Diabetes Clinic at Parkside Medical Centre
Diabetes is a condition in which the blood glucose (sugar) levels become too high. This may be caused by the pancreas not producing enough insulin or because the cells in the body do not respond to the insulin that is produced. Insulin is a hormone that stops blood sugar from getting too high.
Once you are diagnosed with diabetes it is important to reduce the blood glucose levels and maintain a healthy lifestyle, as all the cells in the body can be damaged by high glucose levels. Diabetes can put you at higher risk of health problems such as heart disease, stroke, eye, kidneys and nerve damage.
You be will invited to attend the diabetic clinic at the surgery at least twice a year where you will have blood tests and a foot examination. All aspects of diabetes will be discussed and support will be given for you to manage your diabetes. You will have the opportunity to discuss your diet and lifestyle. You may also be prescribed tablets to help reduce the glucose levels. Some people will need insulin injections. You will also be referred to the hospital for retinal screening once a year.
Useful Information & Advice
What is Diabetes?
Diabetes is a Long-term Condition (Chronic) caused by too much glucose (sugar) in the blood, either because the pancreas does not produce enough insulin, or because cells do not respond to the insulin that is produced. Download your Guide to Diabetes Leaflet.
There are two main types of diabetes:
- Type 1 DM – Type 1 Diabetes Leaflet.
- Type 2 DM – Type 2 Diabetes Leaflet.
- Gestational Diabetes (Diabetes in pregnancy) – Gestational Diabetes Leaflet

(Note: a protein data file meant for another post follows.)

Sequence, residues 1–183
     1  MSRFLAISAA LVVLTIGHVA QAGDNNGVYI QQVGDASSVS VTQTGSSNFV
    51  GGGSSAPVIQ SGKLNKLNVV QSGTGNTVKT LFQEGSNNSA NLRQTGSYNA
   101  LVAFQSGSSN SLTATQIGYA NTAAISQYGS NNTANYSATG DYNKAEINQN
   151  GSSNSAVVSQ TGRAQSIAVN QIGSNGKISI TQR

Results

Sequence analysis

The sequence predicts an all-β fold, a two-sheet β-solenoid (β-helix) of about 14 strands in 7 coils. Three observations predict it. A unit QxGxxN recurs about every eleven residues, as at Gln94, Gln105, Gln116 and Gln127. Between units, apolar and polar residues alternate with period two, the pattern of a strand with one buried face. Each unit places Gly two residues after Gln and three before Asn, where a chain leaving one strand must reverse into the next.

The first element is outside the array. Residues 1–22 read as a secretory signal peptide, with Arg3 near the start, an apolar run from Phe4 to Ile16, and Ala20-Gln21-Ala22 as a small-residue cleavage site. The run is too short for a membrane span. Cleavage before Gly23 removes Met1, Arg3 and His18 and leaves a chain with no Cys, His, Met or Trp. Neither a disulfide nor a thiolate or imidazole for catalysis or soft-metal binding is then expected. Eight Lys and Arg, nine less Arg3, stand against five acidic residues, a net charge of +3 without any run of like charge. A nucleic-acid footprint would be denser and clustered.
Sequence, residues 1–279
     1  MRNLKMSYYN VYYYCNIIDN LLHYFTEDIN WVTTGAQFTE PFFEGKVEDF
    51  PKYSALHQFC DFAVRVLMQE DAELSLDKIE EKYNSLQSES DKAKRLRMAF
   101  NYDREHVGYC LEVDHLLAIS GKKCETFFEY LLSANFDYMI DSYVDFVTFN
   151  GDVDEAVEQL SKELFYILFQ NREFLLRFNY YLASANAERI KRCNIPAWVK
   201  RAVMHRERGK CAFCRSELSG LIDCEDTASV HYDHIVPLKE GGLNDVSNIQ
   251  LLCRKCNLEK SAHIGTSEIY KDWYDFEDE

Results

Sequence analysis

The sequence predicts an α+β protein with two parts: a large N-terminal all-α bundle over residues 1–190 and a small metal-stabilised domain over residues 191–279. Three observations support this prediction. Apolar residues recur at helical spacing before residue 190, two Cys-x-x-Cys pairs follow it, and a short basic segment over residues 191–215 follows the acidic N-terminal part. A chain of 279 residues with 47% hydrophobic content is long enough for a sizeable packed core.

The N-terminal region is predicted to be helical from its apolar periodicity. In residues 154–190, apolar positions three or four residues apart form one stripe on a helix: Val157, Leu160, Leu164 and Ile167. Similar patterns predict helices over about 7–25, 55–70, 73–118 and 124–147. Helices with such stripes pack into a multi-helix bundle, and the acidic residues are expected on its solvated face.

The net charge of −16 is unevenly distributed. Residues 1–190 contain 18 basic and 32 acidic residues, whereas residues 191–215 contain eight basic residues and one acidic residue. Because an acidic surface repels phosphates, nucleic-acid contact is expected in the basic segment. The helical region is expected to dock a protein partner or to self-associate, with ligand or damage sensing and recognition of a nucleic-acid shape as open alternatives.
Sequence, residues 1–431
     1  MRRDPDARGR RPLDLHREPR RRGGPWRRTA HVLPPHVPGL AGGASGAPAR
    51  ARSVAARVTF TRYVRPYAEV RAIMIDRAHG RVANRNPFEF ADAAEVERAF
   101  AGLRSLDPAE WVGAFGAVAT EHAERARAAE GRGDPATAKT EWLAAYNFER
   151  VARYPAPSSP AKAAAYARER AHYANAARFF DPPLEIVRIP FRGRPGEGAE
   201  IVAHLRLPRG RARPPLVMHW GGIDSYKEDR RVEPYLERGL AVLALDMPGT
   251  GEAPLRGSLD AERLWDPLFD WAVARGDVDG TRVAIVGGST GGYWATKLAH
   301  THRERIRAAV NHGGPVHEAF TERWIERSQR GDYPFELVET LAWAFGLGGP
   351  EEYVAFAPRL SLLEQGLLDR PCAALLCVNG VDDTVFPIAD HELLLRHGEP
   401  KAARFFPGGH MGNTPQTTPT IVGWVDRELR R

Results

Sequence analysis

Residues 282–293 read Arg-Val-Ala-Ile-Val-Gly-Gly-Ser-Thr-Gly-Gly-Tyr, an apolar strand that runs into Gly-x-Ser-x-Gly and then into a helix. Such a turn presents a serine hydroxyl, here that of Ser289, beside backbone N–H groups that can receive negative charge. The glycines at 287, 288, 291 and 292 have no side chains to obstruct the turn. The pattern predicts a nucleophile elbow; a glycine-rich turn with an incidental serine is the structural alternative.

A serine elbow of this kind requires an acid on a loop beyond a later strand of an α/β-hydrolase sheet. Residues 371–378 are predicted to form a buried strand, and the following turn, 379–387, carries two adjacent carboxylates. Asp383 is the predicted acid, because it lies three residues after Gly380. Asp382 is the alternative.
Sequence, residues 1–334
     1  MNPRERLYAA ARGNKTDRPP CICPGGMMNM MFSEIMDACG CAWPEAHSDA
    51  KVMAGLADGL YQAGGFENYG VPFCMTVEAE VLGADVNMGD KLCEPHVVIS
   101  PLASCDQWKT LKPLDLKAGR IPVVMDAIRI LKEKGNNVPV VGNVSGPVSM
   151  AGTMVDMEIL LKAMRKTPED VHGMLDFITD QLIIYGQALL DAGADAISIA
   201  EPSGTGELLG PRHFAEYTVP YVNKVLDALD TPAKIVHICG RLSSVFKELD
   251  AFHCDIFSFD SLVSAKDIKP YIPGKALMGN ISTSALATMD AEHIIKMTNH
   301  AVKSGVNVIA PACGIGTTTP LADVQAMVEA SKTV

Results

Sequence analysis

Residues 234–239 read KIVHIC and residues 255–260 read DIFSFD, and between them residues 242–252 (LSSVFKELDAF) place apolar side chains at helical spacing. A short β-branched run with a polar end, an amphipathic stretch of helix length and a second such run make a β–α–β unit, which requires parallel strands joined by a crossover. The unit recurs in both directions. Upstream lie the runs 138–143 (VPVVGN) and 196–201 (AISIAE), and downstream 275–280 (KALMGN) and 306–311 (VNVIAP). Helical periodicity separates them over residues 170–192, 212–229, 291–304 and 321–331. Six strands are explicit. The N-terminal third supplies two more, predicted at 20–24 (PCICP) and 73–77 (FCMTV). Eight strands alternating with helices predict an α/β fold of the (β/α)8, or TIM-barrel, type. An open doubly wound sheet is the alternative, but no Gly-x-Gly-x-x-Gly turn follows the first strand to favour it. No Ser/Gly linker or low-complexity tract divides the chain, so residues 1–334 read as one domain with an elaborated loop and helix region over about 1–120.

What happens when I am diagnosed with Diabetes?
Once you are diagnosed with diabetes, it is important to make sure that the sugar levels in your blood remains LOW as high blood sugar damages ALL cells in your body leading to severe complications.
Your doctor will refer you to have an annual eye check up with the National Diabetic Retinopathy Clinic and be seen in our Diabetic Clinic.
You should start changing your lifestyle immediately by:
- Stop Smoking
See our smoking counsellor who can help you beat the habit.
- Stop Drinking Alcohol
Diabetes UK – Alcohol and Blood Sugar
- STOP eating lots of sugary foods
Carbohydrate content in common foods Leaflet
Carbohydrate counting diet sheet Leaflet
Healthy Eating with Diabetes Leaflet
Food Labelling Leaflet
Diabetes UK – NHS Diet Advice
Diabetes UK – Recipes
- Do more Exercise
Patient UK – Diabetes Diet & Exercise
- Lose Weight
Diabetes UK – Weight Loss
Weight Management Weight Management Clinic
- Control your Blood Pressure
Diabetes and Blood Pressure patient decision aid Leaflet
Diabetes and High Blood Pressure Leaflet
- Take Care of your Feet
Diabetes and Foot Care Leaflet
10 Steps towards Healthy feet
Hypoglycaemia (too low Blood glucose)
Sometimes the diabetic treatment that you are on may make your blood glucose go too low (hypoglycaemia) this can make you feel hungry, trembling or shaking and sweating. In more severe cases you may become confused and have difficulty concentrating. You and your family and friends should be aware of these symptoms and make sure you treat yourself immediately, see the information below.
- MK Diabetes Care
- Diabetes NHS Choices
- Diabetes UK
- Diabetes Research Wellness Foundation
- My Life Diabetes Care
- Early Bird Diabetes Trust
- Independent Diabetes Trust
- Diabetes and Driving Leaflet
- Diabetes and Traveling Leaflet
- Find your local DAFNE course to help manage your diabetes if you are Type 1 on insulin
- Find your local DESMOND course to learn more about managing your diabetes
- Health talk online
Videos from NHS Choices
Parents describe how they deal with a diabetic child including daily routines such as insulin injections and how children can life live to the full.
A consultant ophthalmologist describes how diabetes can affect your vision and the possible treatments.